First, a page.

Baking Traditions

Traditions are a funny thing. We like to think they are always important or relevant and that’s why we continue to do them. Some are meant to bring us closer together, some are meant to remember important dates. And some stick out to some of us, but not as much to others. One tradition from my childhood that sticks out to me revolves around baking (big surprise). One of my favorite traditions as a child was making chocolate crinkle cookies at Christmas time. However, I also recall asking my mom when we were going to make said cookies, and her reply being surprise–to her, it was not a tradition.chocolate sugar cookies

Nevertheless, it remains an important memory to me. Rolling the chilled chocolate cookie dough into balls before dropping it into a bowl of powdered sugar, waiting for them to come out of the oven, the kitchen and dining table piled with baking sheets.

Which, of course, is how you know the memory has become exaggerated: there can’t possibly have been more than two or three baking sheets in various stages of baking at any one time. Still, it’s a very tangible and happy memory for me, one that always brings a smile to my face, even when I think about how shiny our palms would get with the sticky cookie dough.Sous Chef chocolate cookies 1

I was reminded of this “tradition” this week when I baked these chocolate sugar cookies. I craved cookies and remembered seeing the recipe on Mel’s blog, and decided to try them out. I was really pleased when it looked like I could make the dough in a bowl with a spoon instead of breaking out the mixer, particularly since my Kitchenaid is limping along very sadly. It also meant that Sous Chef could do a lot of the mixing with me. She jumped at the chance to bake (largely because it was cookies…she isn’t always interested in baking with me if it’s not a treat she wants to eat) and pulled a chair over to the counter. We mixed the dough and then I rolled the dough into balls before handing them to her to roll in the granulated sugar. She pushed the dough balls around, squishing them out of shape before placing them on the baking sheet, and memories of making chocolate crinkle cookies at Christmas time with my own mom came flooding into my mind. I smiled widely, and then promptly retrieved my camera. I’m generally not one to take photos of meal preparation, but I made an exception for this.Sous Chef chocolate cookies 2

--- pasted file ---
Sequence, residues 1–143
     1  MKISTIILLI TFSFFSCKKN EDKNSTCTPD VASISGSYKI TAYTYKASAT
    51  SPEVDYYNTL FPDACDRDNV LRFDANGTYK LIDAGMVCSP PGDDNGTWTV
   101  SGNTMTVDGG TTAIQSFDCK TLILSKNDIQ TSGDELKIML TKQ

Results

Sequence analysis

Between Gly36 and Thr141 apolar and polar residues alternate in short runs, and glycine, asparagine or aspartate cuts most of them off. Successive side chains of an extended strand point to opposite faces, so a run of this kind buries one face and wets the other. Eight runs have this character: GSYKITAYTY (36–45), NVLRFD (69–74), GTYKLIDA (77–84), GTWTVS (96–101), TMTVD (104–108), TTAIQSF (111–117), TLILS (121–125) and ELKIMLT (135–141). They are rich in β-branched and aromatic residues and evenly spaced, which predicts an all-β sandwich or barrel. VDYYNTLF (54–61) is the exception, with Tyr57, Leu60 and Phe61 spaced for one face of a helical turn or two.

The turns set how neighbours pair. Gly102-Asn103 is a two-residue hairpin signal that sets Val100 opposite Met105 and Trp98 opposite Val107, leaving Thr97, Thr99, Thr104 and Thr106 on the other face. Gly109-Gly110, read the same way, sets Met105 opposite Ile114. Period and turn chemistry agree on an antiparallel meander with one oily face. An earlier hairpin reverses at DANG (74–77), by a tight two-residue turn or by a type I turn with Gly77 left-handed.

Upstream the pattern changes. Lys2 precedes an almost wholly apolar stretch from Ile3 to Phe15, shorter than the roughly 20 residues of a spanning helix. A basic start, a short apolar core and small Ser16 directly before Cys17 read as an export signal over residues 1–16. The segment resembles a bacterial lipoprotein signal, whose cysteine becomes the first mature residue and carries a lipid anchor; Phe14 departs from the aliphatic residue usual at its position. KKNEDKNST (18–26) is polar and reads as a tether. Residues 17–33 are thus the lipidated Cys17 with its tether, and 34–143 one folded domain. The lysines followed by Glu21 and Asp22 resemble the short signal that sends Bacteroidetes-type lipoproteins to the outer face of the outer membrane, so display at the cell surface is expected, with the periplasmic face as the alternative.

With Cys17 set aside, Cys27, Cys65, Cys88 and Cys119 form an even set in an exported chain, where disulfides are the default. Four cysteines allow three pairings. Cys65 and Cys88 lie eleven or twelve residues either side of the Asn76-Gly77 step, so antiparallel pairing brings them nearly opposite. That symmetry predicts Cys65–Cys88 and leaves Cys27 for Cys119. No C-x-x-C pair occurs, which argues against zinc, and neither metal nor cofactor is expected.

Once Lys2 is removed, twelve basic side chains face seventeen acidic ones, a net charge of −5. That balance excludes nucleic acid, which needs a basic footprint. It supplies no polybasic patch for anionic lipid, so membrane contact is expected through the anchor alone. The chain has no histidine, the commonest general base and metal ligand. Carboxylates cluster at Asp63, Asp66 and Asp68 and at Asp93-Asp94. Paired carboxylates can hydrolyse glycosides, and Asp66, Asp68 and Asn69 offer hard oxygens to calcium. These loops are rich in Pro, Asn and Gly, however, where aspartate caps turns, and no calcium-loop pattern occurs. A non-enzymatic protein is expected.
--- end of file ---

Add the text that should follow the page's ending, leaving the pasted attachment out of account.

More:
We baked the cookies, and while I’ll have to adjust the flour next time for my high altitude, they were delicious. Perfectly soft and chewy, with a solid chocolate flavor rounded out by the heavy tablespoon of vanilla.

And I wondered. Surely these would work just as well rolled in powdered sugar?

chocolate sugar cookies 2I may not be able to wait to Christmas to find out. Luckily, with as easy as these were, I wouldn’t mind in the least. And, while it may not become a Christmas tradition for me and my daughter, I hope baking together will become at the very least a fond memory, one that brings us together as even the best traditions do.

Soft Chocolate Sugar Cookies

from Mel’s Kitchen Cafe, originally from Cook’s Country

  • 1 1/2 cups plus 2 tablespoons (8 1/8 ounces) all-purpose flour
  • 3/4 cup (2 1/4 ounces) unsweetened cocoa powder
  • 1/2 teaspoon baking soda
  • 1/4 teaspoon baking powder
  • 14 tablespoons butter
  • 1 3/4 cups packed (12 1/4 ounces) dark brown sugar
  • 1 tablespoon vanilla extract
  • 1/2 teaspoon salt
  • 1 large egg plus 1 egg yolk
  • 1/3 cup (2 1/3 ounces) granulated sugar

Preheat the oven to 350.

Melt 10 tablespoons of butter in a large bowl in the microwave until just melted. Add the remaining 4 tablespoons and stir until melted. Allow to cool to 90-95 degrees (or at least 5-10 minutes if you don’t have a thermometer).

While you wait for the butter to cool, stir the flour, cocoa, baking soda, and baking powder together in a small bowl. Set aside.

When the butter has cooled, whisk in the brown sugar, vanilla, and salt until smooth. Add the egg and egg yolk and whisk until smooth. Stir in the flour mixture until combined.

Line two baking sheets with parchment paper. Pour the granulated sugar onto a plate or into a bowl. Working with 2 tablespoons of dough at a time, roll it into a ball and roll the dough balls in the sugar. Place on the baking sheets and flatten with the bottom of a glass. Sprinkle each cookie with a pinch of granulated sugar.

Bake one sheet at a time for 12-14 minutes until the tops are puffy and cracked. Don’t overbake! Transfer to a cooling rack to cool completely (after you sneak one warm one, of course!)

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2 thoughts on “Baking Traditions

    1. Becca Post author

      Thanks! She’s a lot of fun. And the cookies definitely were delicious, though I think Mel makes them really look yummy. Give ‘em a try!

      Reply

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